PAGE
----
Approximately 64,000 patients with AIDS and 1,500 with hepatitis make use of tenofovir in Brazil. The first national batch of the medication will be available for patients in late March. Domestic production will represent a savings of approximately £410 million to the country.
The registration for the sale of the generic version of tenofovir for the official laboratory Fundação Ezequiel Dias (Funed - Government of Minas Gerais) was granted by the National Agency for Sanitary Vigilance (Anvisa), through Resolution 487/2011. The drug is used to treat AIDS and hepatitis. According to the Ministry of Health, with authorization, nine million tablets will start to be produced from next week, which represents a saving of approximately $410 million to the country over five years (until 2015). Currently, about 64,000 AIDS patients with hepatitis and 1,500 make use of tenofovir in Brazil. The first batch of the national drug will be available for patients in late March.
With the start of manufacturing, 10 of 20 antiretroviral drugs provided by the Unified Health System (SUS) are being manufactured in Brazil, reducing by about 47% the costs to import the medicine until 2015. "In addition to making the medication available to people living with AIDS and hepatitis, it is guaranteed to offer long-term help to reduce external dependence," emphasizes the director of the Department of DST, AIDS and Viral Hepatitis of the Ministry of Health, Dirceu Greco.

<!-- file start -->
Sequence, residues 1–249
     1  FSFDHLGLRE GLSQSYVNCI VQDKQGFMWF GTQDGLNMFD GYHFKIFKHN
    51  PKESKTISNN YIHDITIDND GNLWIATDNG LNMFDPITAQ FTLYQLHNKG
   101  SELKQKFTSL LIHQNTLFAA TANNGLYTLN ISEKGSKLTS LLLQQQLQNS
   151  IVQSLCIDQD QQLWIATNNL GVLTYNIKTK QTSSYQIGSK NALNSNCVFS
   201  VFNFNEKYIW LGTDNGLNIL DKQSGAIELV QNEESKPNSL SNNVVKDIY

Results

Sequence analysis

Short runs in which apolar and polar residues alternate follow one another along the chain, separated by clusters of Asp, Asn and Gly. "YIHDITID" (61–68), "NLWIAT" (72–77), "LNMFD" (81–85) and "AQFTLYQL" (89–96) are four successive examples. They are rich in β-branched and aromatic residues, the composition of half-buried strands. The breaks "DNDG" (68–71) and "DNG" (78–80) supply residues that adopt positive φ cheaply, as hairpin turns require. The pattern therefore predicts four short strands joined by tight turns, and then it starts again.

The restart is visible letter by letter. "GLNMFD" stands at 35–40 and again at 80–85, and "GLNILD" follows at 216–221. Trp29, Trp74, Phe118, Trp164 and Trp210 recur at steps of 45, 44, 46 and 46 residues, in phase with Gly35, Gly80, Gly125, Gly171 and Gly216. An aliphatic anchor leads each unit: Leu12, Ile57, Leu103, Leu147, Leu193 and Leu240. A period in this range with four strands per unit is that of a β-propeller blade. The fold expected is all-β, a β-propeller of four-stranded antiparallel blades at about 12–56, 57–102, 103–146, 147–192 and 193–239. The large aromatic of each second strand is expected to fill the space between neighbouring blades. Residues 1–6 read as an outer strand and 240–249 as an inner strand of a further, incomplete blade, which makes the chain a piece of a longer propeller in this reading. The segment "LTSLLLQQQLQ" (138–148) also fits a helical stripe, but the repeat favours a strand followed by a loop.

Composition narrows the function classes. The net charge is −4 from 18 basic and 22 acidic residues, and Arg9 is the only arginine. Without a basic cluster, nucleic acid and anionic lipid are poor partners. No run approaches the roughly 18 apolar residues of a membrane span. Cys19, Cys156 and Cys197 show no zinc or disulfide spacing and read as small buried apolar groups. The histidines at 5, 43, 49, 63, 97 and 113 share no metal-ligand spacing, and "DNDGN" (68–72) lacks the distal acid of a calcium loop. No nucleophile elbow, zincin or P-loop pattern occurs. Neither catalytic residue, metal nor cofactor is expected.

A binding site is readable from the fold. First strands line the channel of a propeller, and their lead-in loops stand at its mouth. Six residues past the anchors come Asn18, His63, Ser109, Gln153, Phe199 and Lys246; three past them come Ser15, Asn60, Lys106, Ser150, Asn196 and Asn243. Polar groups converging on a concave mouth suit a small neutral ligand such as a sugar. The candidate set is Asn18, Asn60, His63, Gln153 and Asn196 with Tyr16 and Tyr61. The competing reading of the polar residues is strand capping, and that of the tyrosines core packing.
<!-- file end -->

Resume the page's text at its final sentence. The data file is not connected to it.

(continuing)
In 2010, we invested R$577.6 million to buy antiretroviral drugs and imported U.S. $224.9 million in the manufacturing of domestic ones. Even including the investment with the incorporation and introduction of technology , the initial price of domestic tenofovir is the same paid by SUS in the last international acquisition: R$4.02. By the end of 2011, the Funed will deliver to the Ministry of Health in four steps, 36 million tablets.
From the Portuguese version
Translated from the Portuguese version by:
"People look at the U.S. as a failed state led by a clown, and either laugh at American citizens or pity them," regrets the American Historian Peter Kuznick